up home, fortune, and life to protect the Philippines, or France,
or even England. National interest demands that there be an authority
to coerce us into proper action against communism.

Force!
Coercion! Violence! Forever, it seems, people proposing force as
a means to eliminate force! You do not seem to realize that the
essential characteristic of communism is coercion. Communism in
essence is the communalization of the product of all by force. Americans
now practice communism in so many ways that the doctrine — not in
name, but in substance — is rapidly becoming not only acceptable
but “respectable.” There are people, many of them, who sincerely
believe in this idea. Those who believe in it, and openly proclaim
their belief in it, you call “Communists.” But you who practice
it, and deny your belief in it, call yourselves “Liberals” and your
countries “Democracies.” And you propose to rid the world of force
by using force against those who admit they believe in force. In
reality, you endorse their position. You make the belief in force
unanimous. What, pray tell, can you do with guns to make them question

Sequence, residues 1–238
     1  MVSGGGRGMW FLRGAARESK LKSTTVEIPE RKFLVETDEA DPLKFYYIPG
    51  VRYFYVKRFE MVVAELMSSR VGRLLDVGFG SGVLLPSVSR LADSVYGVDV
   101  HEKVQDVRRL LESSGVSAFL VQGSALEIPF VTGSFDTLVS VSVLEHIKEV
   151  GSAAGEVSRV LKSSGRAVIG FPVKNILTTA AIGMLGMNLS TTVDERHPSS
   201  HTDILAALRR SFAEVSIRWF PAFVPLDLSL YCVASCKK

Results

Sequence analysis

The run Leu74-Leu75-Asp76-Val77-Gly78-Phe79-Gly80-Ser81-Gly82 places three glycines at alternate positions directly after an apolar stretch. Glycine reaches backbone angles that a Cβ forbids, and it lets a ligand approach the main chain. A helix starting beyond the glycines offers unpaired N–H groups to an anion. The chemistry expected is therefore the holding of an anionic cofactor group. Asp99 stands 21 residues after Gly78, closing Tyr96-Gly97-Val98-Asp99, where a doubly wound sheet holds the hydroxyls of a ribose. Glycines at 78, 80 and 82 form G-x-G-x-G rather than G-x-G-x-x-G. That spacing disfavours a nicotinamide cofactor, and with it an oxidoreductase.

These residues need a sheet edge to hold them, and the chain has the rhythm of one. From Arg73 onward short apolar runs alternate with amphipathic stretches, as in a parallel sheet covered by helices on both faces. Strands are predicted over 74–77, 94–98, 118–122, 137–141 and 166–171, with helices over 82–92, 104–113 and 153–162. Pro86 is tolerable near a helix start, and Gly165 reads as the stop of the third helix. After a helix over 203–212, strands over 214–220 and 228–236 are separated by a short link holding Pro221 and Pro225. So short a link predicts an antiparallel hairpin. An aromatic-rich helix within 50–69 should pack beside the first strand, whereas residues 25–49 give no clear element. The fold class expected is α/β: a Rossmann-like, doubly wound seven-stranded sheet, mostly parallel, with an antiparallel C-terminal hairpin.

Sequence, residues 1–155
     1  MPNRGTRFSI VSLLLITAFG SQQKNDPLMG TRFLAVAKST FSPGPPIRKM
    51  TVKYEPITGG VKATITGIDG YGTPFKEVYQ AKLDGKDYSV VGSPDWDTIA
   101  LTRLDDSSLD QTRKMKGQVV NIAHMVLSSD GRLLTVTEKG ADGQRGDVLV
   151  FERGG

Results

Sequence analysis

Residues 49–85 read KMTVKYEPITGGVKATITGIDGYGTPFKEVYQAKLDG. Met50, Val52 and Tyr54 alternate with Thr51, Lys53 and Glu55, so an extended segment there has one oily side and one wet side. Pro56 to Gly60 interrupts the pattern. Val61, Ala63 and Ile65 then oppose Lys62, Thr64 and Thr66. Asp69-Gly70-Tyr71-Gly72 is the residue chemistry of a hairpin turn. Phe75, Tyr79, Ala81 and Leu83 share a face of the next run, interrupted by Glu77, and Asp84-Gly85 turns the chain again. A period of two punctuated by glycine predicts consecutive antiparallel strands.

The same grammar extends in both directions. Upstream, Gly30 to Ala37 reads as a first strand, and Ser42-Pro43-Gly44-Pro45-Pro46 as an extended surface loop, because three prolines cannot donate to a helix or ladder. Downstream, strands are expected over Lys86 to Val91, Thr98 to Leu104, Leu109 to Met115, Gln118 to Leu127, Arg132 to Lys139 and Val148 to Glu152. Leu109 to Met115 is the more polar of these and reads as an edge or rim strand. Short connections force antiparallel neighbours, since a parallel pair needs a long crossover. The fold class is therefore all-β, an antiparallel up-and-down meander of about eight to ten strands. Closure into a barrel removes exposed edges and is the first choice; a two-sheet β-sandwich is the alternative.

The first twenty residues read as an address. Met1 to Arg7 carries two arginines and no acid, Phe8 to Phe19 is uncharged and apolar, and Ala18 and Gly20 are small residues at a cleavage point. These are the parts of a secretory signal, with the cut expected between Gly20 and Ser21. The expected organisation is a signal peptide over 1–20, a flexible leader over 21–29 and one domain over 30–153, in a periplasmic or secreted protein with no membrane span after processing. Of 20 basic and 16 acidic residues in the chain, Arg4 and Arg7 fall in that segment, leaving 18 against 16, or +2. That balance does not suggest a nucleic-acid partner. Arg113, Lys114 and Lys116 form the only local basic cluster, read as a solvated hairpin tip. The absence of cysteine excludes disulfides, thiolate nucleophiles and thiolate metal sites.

the rightness of their beliefs? Can you do more than to confirm
their belief in guns and to incite the wider use of guns?

The
belief in coercion is an idea just as much as the belief in freedom
is an idea. It is for this reason that I think you have mistaken
the nature of the conflict. It is ideological, not personal; it
is of the intellect, not of the flesh. A ferment now goes on in
the minds of men, ideas demanding violence as the means to a communal
way of life. As in every ferment a scum rises to the top, as fungus
on a muck heap. These bad ideas which rise out of the ferment are
not to be destroyed by killing the persons who voice them. The swirls
in the ferment will throw up replacements endlessly. Killing merely
agitates the process, as a poke on the jaw usually evokes a retaliatory
poke on the jaw. It's the ideas which have to be considered. The
route to better ideas is evolutionary and peaceful, a matter you
should have pondered long ago. Better ideas are not shot into persons
with guns. Can you not see that gunners, except when acting in self-defense,
have contracted the very disease they are bent on destroying?

What
you are saying is that the people of the United States do not know
their own interests; that coercion, the essence of the dictator
idea, produces better results than man in free action. You are saying